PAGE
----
Preston voters reject school spending plan, approve town budget

Preston — Voters overwhelming rejected the proposed school budget, while approving the town government budget Tuesday in a referendum that featured a turnout nearly triple that of recent past budget referendums.

Voters rejected the school budget 370-279, and approved the town budget by a 348-299 vote.

Both budgets called for spending increases over this year's budgets, with the school budget at a 4.5 percent increase.

“It's disappointing,” Board of Education Chairwoman Jan Clancy said.

She said the school board cannot make any adjustments until the Board of Finance recommends a revised budget.

The Board of Finance will hold a special meeting Tuesday to address the budget vote, Chairman Norman Gauthier said.

The approved town government budget totaled $3.4 million, a $95,454, or 2.8 percent, increase over this year's budget.

First Selectman Robert Congdon said he was pleased with the result of the vote, and said it affirmed that residents want to keep the two resident state troopers, rather than reduce to one trooper.

The two resident troopers cost $322,650, an $83,000 increase over this year's total because the town is required to cover a greater share of the expense.

“I'm glad it passed,” Congdon said of the entire budget. “I think we presented a fair and frugal budget. One question out there was whether we should have one or two resident troopers. I support having two resident troopers.”

The $11.3 million school budget included a $488,250 increase over this year's education budget.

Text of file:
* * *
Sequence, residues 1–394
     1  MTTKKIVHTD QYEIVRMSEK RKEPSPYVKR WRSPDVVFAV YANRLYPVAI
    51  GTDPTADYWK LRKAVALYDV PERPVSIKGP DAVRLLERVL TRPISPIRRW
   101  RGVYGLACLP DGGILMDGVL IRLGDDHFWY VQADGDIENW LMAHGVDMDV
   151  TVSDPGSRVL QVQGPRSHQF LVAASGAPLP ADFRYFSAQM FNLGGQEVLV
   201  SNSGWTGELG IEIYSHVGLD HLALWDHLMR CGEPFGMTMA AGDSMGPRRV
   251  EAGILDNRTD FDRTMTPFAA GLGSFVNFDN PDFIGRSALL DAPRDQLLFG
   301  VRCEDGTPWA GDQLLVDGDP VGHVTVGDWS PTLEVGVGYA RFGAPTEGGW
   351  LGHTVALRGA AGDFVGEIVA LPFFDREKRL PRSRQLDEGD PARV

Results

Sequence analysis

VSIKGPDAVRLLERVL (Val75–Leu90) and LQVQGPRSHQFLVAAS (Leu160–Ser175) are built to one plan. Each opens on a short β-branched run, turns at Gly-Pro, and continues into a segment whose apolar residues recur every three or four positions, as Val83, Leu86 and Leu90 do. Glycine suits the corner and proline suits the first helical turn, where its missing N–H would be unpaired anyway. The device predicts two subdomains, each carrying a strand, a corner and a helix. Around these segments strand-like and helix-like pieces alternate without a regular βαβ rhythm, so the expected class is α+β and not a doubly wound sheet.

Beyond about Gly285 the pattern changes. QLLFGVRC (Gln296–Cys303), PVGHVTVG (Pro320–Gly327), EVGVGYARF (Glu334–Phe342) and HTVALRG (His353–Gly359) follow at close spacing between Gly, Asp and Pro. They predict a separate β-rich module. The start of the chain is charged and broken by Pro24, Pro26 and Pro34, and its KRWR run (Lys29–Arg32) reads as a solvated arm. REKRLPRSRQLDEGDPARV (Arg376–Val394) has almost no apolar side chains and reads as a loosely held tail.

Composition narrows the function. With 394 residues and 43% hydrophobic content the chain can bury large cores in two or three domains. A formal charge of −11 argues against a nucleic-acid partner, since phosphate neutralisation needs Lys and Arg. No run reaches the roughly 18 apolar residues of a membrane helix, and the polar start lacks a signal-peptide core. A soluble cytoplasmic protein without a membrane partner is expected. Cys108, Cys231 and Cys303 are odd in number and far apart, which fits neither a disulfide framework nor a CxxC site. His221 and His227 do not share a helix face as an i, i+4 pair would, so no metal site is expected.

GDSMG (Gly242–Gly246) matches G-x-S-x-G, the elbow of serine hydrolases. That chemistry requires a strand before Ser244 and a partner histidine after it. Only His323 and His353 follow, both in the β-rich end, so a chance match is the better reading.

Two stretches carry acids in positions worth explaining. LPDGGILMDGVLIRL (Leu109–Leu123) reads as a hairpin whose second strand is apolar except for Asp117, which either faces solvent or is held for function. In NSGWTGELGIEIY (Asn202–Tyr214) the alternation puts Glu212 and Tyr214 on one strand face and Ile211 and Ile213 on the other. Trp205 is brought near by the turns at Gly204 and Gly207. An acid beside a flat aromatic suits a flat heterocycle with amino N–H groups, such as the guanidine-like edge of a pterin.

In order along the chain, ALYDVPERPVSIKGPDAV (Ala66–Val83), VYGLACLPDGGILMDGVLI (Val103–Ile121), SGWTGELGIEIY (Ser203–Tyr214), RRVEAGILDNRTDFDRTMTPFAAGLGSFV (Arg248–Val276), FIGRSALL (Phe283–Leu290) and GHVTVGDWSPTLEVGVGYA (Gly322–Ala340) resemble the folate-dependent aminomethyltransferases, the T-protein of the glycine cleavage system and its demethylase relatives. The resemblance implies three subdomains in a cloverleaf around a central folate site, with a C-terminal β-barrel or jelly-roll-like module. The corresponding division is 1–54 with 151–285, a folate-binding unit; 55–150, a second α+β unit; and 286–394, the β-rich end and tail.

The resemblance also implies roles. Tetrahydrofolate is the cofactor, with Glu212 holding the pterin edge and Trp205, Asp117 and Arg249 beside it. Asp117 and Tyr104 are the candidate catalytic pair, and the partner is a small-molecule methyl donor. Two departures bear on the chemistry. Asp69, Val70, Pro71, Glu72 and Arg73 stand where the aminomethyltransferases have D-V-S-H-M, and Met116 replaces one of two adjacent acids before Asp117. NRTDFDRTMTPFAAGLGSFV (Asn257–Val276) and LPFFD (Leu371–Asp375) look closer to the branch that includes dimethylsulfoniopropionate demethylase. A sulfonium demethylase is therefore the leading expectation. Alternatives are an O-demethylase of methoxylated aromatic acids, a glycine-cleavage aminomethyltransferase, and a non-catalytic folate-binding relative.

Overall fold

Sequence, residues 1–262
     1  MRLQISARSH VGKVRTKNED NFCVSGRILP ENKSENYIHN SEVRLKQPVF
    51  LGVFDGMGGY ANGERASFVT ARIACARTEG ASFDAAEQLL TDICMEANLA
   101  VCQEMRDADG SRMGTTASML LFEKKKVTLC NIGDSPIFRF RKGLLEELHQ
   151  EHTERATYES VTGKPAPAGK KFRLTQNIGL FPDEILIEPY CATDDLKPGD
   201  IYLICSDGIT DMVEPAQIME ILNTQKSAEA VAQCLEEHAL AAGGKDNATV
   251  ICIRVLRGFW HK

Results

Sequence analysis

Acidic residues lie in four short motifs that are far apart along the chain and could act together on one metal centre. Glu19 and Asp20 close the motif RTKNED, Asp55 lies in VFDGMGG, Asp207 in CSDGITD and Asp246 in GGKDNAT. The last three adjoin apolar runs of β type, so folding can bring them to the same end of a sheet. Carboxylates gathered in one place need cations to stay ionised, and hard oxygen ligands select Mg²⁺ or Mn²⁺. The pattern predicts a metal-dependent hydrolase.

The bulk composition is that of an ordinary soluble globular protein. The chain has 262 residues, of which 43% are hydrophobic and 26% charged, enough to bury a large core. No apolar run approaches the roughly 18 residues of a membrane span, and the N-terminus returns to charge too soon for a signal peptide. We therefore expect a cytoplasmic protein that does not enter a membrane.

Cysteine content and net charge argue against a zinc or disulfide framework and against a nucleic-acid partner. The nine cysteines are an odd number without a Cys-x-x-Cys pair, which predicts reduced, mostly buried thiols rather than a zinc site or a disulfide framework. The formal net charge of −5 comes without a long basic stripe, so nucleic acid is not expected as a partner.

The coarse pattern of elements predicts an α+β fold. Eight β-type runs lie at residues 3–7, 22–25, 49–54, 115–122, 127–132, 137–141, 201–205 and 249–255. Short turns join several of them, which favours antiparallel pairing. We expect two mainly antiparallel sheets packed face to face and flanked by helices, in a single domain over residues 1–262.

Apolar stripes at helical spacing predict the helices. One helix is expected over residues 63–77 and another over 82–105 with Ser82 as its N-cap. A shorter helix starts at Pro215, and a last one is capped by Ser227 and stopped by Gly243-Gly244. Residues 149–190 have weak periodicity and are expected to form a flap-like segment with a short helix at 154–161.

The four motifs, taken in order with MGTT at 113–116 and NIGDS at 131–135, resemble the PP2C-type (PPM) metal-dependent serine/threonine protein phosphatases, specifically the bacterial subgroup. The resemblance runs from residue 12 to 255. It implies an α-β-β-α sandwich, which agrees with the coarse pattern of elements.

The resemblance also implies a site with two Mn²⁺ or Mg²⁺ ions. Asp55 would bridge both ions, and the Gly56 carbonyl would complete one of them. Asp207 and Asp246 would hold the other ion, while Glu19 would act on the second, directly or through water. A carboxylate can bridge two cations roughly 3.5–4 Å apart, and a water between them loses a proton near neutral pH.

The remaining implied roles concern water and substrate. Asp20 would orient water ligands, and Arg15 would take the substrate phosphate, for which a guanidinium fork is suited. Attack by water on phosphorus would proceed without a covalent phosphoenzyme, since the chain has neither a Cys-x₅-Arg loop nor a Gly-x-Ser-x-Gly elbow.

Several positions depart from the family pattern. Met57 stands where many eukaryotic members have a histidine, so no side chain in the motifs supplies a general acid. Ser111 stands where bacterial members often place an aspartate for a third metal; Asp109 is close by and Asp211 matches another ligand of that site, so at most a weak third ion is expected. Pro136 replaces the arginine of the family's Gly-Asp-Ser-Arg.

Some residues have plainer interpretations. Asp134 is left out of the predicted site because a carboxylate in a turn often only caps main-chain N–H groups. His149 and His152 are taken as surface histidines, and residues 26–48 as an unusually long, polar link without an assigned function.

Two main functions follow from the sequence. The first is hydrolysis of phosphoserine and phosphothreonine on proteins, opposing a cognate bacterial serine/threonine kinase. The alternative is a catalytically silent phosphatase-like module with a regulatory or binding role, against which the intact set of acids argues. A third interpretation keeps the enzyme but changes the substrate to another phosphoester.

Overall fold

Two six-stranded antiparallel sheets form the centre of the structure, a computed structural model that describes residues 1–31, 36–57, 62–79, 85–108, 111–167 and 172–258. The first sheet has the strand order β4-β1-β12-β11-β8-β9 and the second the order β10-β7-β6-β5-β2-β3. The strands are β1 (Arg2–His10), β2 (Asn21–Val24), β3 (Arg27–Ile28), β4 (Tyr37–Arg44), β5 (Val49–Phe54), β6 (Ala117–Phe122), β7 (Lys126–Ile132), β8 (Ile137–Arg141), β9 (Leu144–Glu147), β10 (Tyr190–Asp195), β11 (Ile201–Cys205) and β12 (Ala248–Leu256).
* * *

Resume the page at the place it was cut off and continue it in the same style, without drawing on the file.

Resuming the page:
The Board of Finance had cut $56,647, or 0.5 percent, from the initial requested school budget.

The combined town and school budgets, plus $801,000 for debt service and $243,000 in state-reimbursed roadwork and capital improvements, would have required a tax rate of 24.8 mills, a 1.8-mill increase over this year.

The finance board used $400,000 from the town's healthy $2.4 million surplus fund to reduce the tax increase.

Resident William Legler argued at the recent budget town meeting that the answer to the rise in taxes was to use additional money from the surplus fund to erase the increase.

Legler's proposal, however, was deemed out of order because residents cannot add to spending during the budget town meeting — even though his plan would have reduced taxes in the coming year.

The budget turnout of 652 topped the turnout in the 2015 municipal election, and nearly tripled the 243 votes cast in last May's budget referendum and the 248 votes in a special referendum in September 2015.

Republican Registrar Len Spencer said he ran out of the 500 ballots he had ordered, and had to photocopy another 180 paper ballots for Tuesday's vote.

Those ballots were hand counted and added to the totals.

At least one voter wrote in a vote on the proposal by the Mohegan Tribe to purchase the former Norwich Hospital property.

“I won't say whether it was yes or no,” Spencer said.


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